An epic adventure unfolds when an appraiser discovers a rare violin. Before auctioning off the instrument, he tries to unravel its rich and powerful history -- and reveals a shocking secret.
© 1998 Red Violin Productions Limited, Sidecar Films and TV Srl Mikado Film Srl.
- buy from $9.99
- rent from $2.99
Tomatometer®reviews counted: 17see all Red Violin reviews
Top Critic Reviews
This is the story of a violin that starts in 1681 in Italy and ends in present-day New York. It's hard to judge a film in which the main character is a violin. The characters who could give the film life are the people who own the violin at different places and historical moments, but their transience in the violin's "life" make it difficult to attach ourselves to their plights. And the fortune-teller reading the violin's future is clever for about ten seconds. Also, it's never fully revealed what Charles's motives are; is there any care that he could offer the violin that other suitors can't? The score is quite good, and a project that spans five languages and four countries is admirably ambitious. Overall, the main character being a violin didn't work for me, but I admire the effort.
- hunterjt13, Tuesday, December 4, 2012
img]http://images.rottentomatoes.com/images/user/icons/icon14.gif/img] Samuel L Jackson is incredibly miscast in The Red Violin in a very unmemorable role in comparison to some of his best. But besides that, this is a fairly effective drama and for me personally, a pleasant surprise. That's not to say it's not flawed in any way. The musical intervels too often interrupt different acts but considering it's audience it does perfectly what it sets out to do. There's also a lot to take pleasure in even if your absolutely clueless when it comes to understanding how a violin works. The geographical locations are beautiful, the period settings are believable, and each member of the huge ensemble cast is engaging and not without interesting and realistic personalities. It is unfortunate that the film itself is never as deep as it wants to be but it's strange how at times it is accidentally brilliant. I cant really remember being dramatically heart broken watching a film in which an inanimate object is thrown onto the floor agressively. I was genuinely surprised at how well the script was written and how good the performances (minus Sam Jackson) were. It isn't one of those cheesy TV period movies by a long shot. Overall though with it's beautiful scenery, it's distinctive characters, and it's soothing if not repetitive score, The Red Violin works impressively as a film. As well as a visual masterpiece to fans of the title instrument.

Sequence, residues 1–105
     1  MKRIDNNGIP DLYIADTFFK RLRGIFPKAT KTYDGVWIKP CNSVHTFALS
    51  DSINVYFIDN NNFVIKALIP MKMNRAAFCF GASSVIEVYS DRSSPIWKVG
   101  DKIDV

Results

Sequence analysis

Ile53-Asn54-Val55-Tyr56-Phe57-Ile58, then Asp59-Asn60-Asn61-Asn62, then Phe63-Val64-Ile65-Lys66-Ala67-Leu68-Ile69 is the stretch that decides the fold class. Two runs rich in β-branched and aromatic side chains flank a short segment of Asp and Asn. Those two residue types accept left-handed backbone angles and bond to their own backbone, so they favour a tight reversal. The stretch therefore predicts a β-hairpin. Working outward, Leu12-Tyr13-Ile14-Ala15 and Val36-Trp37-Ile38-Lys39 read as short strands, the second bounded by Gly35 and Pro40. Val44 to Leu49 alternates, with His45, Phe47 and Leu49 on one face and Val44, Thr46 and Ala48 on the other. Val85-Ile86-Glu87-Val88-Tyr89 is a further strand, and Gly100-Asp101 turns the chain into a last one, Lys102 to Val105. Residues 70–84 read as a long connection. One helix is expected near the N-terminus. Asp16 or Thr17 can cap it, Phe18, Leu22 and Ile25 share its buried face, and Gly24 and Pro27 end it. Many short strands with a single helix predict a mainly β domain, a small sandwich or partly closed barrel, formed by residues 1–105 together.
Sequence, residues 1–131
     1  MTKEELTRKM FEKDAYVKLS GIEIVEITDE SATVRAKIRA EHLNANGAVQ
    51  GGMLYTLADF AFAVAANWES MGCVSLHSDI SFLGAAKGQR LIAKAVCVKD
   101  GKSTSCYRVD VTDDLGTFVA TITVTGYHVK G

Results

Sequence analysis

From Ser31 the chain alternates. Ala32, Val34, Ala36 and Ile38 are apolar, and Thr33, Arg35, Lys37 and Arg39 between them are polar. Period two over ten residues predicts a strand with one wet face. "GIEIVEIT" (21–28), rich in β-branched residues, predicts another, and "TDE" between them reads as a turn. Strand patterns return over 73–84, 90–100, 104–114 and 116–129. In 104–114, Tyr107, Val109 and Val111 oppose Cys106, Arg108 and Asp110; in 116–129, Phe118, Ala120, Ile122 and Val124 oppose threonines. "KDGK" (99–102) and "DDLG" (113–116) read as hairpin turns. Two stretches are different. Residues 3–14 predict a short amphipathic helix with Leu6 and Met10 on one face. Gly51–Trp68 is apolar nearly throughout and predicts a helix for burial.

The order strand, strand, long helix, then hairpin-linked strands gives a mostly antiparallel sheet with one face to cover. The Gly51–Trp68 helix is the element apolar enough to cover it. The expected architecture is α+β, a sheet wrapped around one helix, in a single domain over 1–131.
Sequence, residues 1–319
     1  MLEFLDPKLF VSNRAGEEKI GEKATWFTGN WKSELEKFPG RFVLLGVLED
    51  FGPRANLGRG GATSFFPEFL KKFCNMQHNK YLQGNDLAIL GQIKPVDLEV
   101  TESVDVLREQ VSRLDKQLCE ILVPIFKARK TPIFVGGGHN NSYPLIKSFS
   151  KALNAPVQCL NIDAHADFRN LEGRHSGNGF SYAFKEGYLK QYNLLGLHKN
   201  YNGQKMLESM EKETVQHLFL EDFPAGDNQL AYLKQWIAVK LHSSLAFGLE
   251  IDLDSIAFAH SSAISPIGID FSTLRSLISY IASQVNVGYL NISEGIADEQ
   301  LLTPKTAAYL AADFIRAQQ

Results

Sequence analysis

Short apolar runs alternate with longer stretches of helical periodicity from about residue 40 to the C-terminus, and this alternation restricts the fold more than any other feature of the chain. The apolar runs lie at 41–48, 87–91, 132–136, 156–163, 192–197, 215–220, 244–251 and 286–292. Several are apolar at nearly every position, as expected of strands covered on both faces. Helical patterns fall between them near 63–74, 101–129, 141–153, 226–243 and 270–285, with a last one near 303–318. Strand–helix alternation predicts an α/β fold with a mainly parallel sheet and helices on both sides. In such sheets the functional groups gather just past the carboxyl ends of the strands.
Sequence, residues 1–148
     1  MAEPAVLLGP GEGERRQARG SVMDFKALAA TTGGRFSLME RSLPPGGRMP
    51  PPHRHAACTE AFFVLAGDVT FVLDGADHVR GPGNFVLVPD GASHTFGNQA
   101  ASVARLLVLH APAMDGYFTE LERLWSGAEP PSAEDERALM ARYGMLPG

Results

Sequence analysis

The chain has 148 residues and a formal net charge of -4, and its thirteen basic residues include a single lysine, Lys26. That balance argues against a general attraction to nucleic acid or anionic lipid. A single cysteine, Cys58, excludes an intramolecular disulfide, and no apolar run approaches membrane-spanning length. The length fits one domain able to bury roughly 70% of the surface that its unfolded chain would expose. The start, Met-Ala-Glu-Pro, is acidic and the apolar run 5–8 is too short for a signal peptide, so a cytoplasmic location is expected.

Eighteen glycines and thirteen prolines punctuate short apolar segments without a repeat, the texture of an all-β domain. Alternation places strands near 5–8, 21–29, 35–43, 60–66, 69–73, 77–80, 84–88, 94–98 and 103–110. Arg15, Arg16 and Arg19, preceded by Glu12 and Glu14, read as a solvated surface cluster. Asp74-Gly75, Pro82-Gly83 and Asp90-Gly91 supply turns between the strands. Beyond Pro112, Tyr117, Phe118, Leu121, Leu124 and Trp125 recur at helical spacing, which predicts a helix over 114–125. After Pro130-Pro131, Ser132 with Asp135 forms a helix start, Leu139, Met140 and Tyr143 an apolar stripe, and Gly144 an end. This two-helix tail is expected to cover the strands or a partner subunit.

- aquateen2, Tuesday, July 31, 2012